Time to move on: grammar schools and the stale debate

When Tony Blair banned the opening of new grammar schools in 1998, the debate was far from over. Now, in the wake of Theresa May’s announcement that the Conservatives intend to lift the ban, the conversation on grammar schools has picked up where it left off. But why do we discuss this potential lift as though it were still 1950? There are various implementation methods on the table for the Conservatives, and debate must resume as such, instead of regurgitating long-held vendettas. Grammar schools are an updated concept with positive implications for the British education system and society as a whole.

The principal benefit of grammar schools must be social mobility which was not fully pursued when grammar schools first came into being. However, with entry assessments changing, this will be a huge advantage. The 11+ must not be the only entry assessment, rather, children across comprehensives should be monitored throughout their academic careers in order to detect signs of academic promise. As such, there are supplementary opportunities to climb the ladder, and to move across to an environment in which to flourish. We’ll see greater numbers of young people from different social and economic backgrounds integrating which must be considered fundamental to the overall benefit of social mobility.

Furthermore, the twenty first century grammar school must be established in the most deprived areas of UK. The benefits are obvious; the young people most disadvantaged will be targeted. When we evaluate the underlying causes behind much of the poverty in UK, we come across a self-perpetuating cycle. In other words, if you’re born into a disadvantaged area, it’s difficult to lift yourself out especially surrounded by a culture of poverty, in worst cases crime. Through placing grammar schools in the most disadvantaged areas we have an opportunity to provide a way out for young people, a leg up the ladder towards the opportunities traditionally reserved for public schools. While, simultaneously the issue of supposedly middle class families manipulating the system through moving to catchment areas will be largely overcome.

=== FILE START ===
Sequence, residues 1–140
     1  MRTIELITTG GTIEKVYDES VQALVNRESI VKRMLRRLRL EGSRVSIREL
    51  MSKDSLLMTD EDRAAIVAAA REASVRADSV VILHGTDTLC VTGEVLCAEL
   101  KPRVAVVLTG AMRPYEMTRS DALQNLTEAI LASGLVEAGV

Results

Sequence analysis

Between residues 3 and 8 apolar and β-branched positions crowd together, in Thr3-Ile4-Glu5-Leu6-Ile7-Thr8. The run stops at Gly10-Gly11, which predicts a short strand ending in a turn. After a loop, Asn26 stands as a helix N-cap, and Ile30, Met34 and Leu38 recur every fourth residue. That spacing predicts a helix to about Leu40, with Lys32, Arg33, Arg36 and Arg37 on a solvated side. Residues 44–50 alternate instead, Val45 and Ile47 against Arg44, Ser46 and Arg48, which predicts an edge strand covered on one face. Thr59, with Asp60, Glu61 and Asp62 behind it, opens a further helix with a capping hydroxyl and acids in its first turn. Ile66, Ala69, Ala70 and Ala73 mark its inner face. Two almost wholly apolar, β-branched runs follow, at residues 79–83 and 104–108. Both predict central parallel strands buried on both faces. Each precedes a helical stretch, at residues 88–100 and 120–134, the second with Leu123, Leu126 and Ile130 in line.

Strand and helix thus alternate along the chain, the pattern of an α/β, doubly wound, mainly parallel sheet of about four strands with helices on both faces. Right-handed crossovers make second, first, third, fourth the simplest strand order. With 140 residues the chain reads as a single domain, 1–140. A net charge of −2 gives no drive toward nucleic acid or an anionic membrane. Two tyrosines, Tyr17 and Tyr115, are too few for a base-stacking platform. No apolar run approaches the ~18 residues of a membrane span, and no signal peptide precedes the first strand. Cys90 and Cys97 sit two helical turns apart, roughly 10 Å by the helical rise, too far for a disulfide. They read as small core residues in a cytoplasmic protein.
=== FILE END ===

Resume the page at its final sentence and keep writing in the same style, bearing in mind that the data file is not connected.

And yet, there’s still opposition from the parties which claim to stand up for the most vulnerable in society. The suggestion that grammar schools provide a two stream education system of the middle class and comprehensives is no longer a credible argument, the social benefits of this system are clearer and more attainable than they were nearly seventy years ago. But then again solutions revolving around hard work, independence and responsibility have never been popular with the state-centric left wing. And in opposing grammar schools on the grounds that some children will remain in comprehensives, the argument is essentially ‘if not everybody can benefit in the same way, I’d rather nobody did’, not unlike Blair’s pursuit of abstract equality which led to the ban in the first place. Not every child is the same, and not every child will be suited to the academic focus of grammar schools.

Let’s pursue an education system which sees every child as independent, both in their abilities, and also from their backgrounds. An education system which is blind to income, and instead prioritizes hard work and merit. The left cannot cling to the same arguments as they did sixty years ago forever: it’s time to move on the debate.